This past November 1st, Dan and I celebrated 10 years of living the expat life. We’ve lived in seven different locations (in Mexico, Nicaragua, Panama and Ecuador) and spent considerable amounts of time in many, many more—especially Belize and Costa Rica.
Believe me, we’ve learned a lot in the past decade!
Importantly, we’ve learned that it’s impossible to compare and contrast the merits or disadvantages of entire countries.
Years ago we’d talk confidently about the benefits of Mexico versus Ecuador…or Panama versus Costa Rica. But we’re finding that we don’t do that too much these days.
It’s not because there aren’t differences between entire countries… there are obvious and, sometimes, major ones. The visa choices and requirements of Belize may be a better match for you than those of Nicaragua. Panama’s tax laws may meet your needs better than those of Costa Rica right now.
But when it comes to quality of life—which is, after all, the thing that most people are looking for when they think about retiring or living abroad—Dan and I find that comparing countries is far too difficult.
For instance, in the last couple of years, Dan and I have thought a lot about the locales we’d most consider as a place to really call home… at least for a while. We’ve talked about what countries we like, but we have been much more dialed in on specific locations within those countries.
When we decided on Cotacachi, Ecuador as a home base, it was only partly because it was in Ecuador, one of our favorite countries. It was more because of what Cotacachi itself offered… peace and quiet, a very interesting and colorful culture, safety and security, an extremely low cost of living and—for us—the perfect climate…not too hot and not too cold. All of these things mattered far more than what Ecuador itself offered as a country.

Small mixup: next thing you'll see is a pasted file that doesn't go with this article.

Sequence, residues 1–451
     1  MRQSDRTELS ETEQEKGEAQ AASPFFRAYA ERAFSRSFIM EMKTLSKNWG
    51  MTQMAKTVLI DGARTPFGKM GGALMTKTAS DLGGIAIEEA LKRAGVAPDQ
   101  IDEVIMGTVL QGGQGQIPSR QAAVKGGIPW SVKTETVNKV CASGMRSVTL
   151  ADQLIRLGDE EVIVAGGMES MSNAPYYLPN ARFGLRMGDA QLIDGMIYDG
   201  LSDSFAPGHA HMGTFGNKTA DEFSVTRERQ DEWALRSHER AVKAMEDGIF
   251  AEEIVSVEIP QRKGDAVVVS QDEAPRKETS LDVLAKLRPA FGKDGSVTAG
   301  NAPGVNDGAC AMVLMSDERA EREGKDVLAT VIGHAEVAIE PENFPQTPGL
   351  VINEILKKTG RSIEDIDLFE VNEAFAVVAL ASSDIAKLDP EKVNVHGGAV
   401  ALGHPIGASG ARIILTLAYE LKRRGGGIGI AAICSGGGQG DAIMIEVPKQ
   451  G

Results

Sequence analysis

When you approach the idea of living overseas, you naturally start from a country level, but if you do your research well, you inevitably sharpen your focus on specific locations.
Laidback Lake Living or Coasting on the Caribbean?
Take Costa Rica… with a bit of research it’s easy to see why it’s a wonderful place to live and retire. It’s an extraordinarily beautiful and diverse country—truly a place with something for everyone, whatever your lifestyle needs or desires. And health care there is among the best (and most affordable) in the world.
But once you’re determined that Costa Rica is the place for you, then you need to drill down and figure out where to live… In a country as diverse as Costa Rica, this can be tough. Perhaps you’d prefer the gorgeous laid-back lake country of Arenal…or the urban convenience of the Central Valley…or the tropical splendor of the newly opened southern coast near Ojochal…or even the adventure of the Caribbean coast.
Same with Ecuador or Mexico… are you after the size and excitement of a city like Quito or lively Puerto Vallarta? Or are you after small-town village life in a place like Cotacachi or Ajijic?
Maybe you’re a surfer… In that case, you might set your sights on Ecuador’s Pacific coast near Salinas or Mexico’s Pacific Coast state of Oaxaca. Scuba divers might want to check out Tulum on Mexico’s Riviera Maya…or even go farther south to Belize.
Like many of our friends and fellow writers for International Living, Dan and I have been lucky enough to live in or near many of these locations long enough to have made the jump from being tourists to being locals. That’s why you’ll often find us writing about specific locations within countries rather than the countries themselves.
Your quality of life can vary enormously from the west side of Mexico to the east, from the north of Nicaragua or Belize to the south, even from one neighborhood of Quito, San Miguel de Allende, or Panama City to the other.
Assessing exactly what you’re looking for as a potential expat, then getting past the “Europe vs. Latin America” stage to the “Ecuador vs. Panama” stage and well beyond—to pinpointing a specific location that matches your requirements, will not only save you time and effort, it will focus your thinking on what’s most important to you.
A final tip: Taking advantage of the experience offered by those who actually live in the specific locations you’re considering is a great way to get the kind of boots-on-the-ground intelligence you need to make those decisions. Ask probing questions, listen to their advice, and look before you leap.
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